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They promise to give you more energy or to improve your mood, but a debate has opened over the safety of increasingly popular energy drinks like Red Bull and Rockstar. The Food and Drug Administration, which has some serious questions about the products, has ordered a hearing for Dec. 5, according to an ABC News report.
Sales for these so-called functional foods are expected to hit $50 billion a year in the next four years, according to the Nutrition Business Journal. The drinks are partly a response from the food industry, which faces competition from products that include herbal and vitamin supplements. However, questions arise as to just how safe the drinks are.
For six years, critics have asked for more regulation of the functional-food industry, with Bruce Silverglade at the Center for Science and the Public Interest calling some of these items nothing more than "21st century quackery," the report said.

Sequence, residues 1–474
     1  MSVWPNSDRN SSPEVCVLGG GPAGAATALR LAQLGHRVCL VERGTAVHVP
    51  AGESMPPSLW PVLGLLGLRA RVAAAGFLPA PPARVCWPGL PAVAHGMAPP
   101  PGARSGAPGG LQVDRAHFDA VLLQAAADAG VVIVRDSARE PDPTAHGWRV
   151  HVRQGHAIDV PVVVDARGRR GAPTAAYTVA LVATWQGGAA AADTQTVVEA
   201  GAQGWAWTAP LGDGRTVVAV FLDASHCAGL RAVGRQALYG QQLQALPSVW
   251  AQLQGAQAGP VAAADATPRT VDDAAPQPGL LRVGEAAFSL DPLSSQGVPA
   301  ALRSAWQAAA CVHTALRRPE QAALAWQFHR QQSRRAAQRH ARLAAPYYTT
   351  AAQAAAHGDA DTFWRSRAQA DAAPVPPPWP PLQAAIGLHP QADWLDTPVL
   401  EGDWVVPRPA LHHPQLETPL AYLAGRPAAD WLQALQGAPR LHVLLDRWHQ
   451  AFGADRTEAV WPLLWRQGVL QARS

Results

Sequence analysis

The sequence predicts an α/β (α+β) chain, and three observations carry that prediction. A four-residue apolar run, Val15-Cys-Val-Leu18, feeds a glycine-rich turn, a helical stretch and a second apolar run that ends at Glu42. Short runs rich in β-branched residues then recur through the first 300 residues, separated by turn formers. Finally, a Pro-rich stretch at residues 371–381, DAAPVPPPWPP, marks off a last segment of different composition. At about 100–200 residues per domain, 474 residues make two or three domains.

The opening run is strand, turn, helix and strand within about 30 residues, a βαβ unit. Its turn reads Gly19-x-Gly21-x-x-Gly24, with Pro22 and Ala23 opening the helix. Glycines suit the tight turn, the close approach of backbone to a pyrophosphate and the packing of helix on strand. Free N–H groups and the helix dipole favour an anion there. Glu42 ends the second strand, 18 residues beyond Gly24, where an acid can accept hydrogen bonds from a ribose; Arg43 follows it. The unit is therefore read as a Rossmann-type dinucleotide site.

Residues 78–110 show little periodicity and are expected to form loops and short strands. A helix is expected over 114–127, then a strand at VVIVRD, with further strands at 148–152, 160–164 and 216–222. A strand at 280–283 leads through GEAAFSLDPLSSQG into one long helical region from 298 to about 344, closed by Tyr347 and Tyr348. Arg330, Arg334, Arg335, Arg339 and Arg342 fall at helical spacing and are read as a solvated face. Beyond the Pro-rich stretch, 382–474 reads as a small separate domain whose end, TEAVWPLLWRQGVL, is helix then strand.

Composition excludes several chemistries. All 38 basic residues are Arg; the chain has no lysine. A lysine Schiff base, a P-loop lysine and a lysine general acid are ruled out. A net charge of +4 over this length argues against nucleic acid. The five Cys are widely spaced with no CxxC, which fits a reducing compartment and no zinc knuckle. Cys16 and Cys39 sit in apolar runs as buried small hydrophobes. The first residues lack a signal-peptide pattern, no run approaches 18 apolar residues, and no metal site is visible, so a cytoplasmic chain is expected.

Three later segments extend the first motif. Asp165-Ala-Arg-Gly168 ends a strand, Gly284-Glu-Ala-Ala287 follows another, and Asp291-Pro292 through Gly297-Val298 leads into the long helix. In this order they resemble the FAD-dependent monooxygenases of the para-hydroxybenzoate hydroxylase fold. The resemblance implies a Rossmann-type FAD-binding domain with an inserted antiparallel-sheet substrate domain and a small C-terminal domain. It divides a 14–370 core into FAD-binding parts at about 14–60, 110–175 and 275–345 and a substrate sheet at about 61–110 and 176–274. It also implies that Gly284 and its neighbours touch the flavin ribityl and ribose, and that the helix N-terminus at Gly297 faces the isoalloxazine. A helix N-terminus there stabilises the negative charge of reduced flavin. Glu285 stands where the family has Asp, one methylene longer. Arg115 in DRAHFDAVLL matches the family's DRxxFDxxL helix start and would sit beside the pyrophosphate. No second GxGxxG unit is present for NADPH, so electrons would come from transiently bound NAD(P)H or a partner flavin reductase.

"Snake oil salesman wrapped up in a modern package," Silverglade told ABC News.
Rockstar's ingredients include taurine, caffeine and something called milk thistle. Its makers state on the can that the drink is "scientifically formulated to speed recovery time," but in small print says those statements have not been evaluated by the FDA.
A dietitian from the International Food Information Council, which is funded by the agriculture industry, said drink cautiously. "Moderation, I think, really is the key here," Wendy Reinhardt Kapsak told ABC News. "Any one of these products by themselves isn't likely going to cause a safety concern."
But it "could potentially have some negative side effects," she added.